The sector's players intensify their efforts to gain a grip on Brussels: in a letter to the 27 Finance Ministers, spotlight on the impacts deriving from the obligation to collect and store information on those involved in digital currency transfers
19 Apr 2022
More than 40 leaders in the cryptocurrency sector have asked the European Union, through a letter sent to 27 Finance Ministers, not to require the companies in the sector to disclose the details of the transactions and to "limit attempts to jeopardize the platforms fast growing decentralized financial institutions ”, making sure that their regulations do not go beyond the rules already in place within the Global Action Task Force (GAFI), which sets the standards for the fight against money laundering. The European Union, like countries and jurisdictions around the world, is working to regulate the cryptocurrency sector.
Index of topics
• Appeal against the risks of the new safeguards
• Exclude decentralized projects
Appeal against the risks of the new safeguards
Last month, Old Continent lawmakers voted in favor of new safeguards for tracking bitcoin and other cryptocurrencies. The rules, thwarted by major US exchange Coinbase Global, would require crypto companies to collect and retain information about who is involved in digital currency transfers.
In response to the vote, 46 European industry leaders and organizations said in their letter that the proposals "will put every digital asset owner at risk" leading to public disclosure of transaction details and wallet addresses. This - they said - would reduce the privacy and security of cryptocurrency holders.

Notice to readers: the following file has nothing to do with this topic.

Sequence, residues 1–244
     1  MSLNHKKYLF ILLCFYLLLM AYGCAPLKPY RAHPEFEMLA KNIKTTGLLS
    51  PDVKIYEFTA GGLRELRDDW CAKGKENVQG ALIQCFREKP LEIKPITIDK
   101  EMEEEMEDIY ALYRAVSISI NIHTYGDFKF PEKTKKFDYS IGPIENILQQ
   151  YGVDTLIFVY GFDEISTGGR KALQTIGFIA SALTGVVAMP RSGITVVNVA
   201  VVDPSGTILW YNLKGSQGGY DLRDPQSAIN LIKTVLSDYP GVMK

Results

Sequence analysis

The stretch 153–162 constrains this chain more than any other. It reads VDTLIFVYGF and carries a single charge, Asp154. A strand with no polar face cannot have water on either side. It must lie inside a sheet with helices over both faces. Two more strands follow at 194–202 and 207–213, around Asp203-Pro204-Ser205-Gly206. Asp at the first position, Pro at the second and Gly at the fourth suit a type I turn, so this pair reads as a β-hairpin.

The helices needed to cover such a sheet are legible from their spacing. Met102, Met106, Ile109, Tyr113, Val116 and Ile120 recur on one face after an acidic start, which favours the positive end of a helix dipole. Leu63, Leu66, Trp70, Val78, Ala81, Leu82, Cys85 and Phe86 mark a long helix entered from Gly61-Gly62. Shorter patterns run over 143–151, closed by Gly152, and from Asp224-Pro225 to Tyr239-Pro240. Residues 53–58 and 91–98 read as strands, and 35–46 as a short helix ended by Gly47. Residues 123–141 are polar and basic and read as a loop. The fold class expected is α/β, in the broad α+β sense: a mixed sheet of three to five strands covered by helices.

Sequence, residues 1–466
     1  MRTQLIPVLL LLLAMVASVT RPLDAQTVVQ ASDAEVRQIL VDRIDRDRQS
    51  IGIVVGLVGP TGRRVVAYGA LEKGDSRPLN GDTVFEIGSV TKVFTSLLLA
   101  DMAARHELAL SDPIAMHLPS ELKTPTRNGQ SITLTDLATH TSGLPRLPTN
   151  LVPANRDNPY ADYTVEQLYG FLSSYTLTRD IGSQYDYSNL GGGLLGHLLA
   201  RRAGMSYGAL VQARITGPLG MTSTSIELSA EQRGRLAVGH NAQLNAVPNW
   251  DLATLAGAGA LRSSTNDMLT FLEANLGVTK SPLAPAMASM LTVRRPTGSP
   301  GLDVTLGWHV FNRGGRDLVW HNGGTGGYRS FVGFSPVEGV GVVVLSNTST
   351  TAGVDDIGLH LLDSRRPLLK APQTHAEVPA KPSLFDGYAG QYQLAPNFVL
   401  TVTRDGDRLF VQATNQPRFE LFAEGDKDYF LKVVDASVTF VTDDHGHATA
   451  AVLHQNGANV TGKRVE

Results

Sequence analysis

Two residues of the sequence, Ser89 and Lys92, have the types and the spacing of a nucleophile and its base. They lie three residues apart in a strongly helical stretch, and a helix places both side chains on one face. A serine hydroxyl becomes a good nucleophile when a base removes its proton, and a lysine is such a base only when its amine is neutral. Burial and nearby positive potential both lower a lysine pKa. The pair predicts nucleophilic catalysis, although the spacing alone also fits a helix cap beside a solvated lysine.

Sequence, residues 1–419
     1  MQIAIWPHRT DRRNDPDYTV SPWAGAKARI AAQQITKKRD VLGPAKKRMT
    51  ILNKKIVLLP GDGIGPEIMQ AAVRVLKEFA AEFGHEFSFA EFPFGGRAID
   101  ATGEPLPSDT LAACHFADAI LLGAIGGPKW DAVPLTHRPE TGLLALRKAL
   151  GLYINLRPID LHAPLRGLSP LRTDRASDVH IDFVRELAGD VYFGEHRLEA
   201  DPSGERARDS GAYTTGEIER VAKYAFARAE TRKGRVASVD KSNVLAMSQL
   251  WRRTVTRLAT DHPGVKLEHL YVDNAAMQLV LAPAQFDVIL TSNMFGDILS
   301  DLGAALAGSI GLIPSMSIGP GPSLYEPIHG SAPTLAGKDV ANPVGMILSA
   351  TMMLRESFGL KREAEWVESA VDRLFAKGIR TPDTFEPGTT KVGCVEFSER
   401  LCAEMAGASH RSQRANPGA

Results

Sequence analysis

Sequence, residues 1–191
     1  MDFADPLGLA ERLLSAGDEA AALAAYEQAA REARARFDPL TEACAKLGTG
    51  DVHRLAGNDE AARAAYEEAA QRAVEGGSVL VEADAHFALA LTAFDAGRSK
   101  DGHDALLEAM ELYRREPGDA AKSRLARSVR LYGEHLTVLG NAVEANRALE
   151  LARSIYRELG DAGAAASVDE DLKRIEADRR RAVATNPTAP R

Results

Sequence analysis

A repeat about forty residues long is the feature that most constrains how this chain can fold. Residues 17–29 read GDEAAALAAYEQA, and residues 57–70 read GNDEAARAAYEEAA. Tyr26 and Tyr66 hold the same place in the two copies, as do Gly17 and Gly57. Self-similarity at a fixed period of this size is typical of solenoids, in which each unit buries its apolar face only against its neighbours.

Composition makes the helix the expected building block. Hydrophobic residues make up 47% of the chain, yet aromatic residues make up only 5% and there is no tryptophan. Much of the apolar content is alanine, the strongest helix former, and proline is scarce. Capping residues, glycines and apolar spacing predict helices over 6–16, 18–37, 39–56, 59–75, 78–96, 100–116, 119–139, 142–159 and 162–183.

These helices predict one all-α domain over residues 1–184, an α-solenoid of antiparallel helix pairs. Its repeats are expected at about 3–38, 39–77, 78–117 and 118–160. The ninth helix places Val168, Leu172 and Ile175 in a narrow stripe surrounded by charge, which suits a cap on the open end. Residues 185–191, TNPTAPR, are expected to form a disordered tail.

Exclude decentralized projects
The EU is also introducing a broader framework, known as the MiCA, to regulate all issuers and service providers dealing with cryptocurrencies. The European Parliament recently approved its draft regulation, which will be negotiated with the executive power of the EU and the heads of the member states. The letter called for the EU to exclude decentralized projects, which include decentralized finance or "DeFi", from the requirements for registering as legal entities. He also stated that some decentralized “stablecoins” should not be subject to the MiCA regulation.
CoinShares CEO Jean-Marie Mognetti, who organized the drafting of the letter, said Europe currently has more complex cryptographic regulations than other regions, which discourages companies from pursuing a growth path in Europe. Diana Biggs, chief security officer of DeFi Technologies, added that she is keen to increase the influence of the European crypto industry on policy making in Brussels. “There have not been strong enough or coordinated efforts in our sector in Europe,” she said.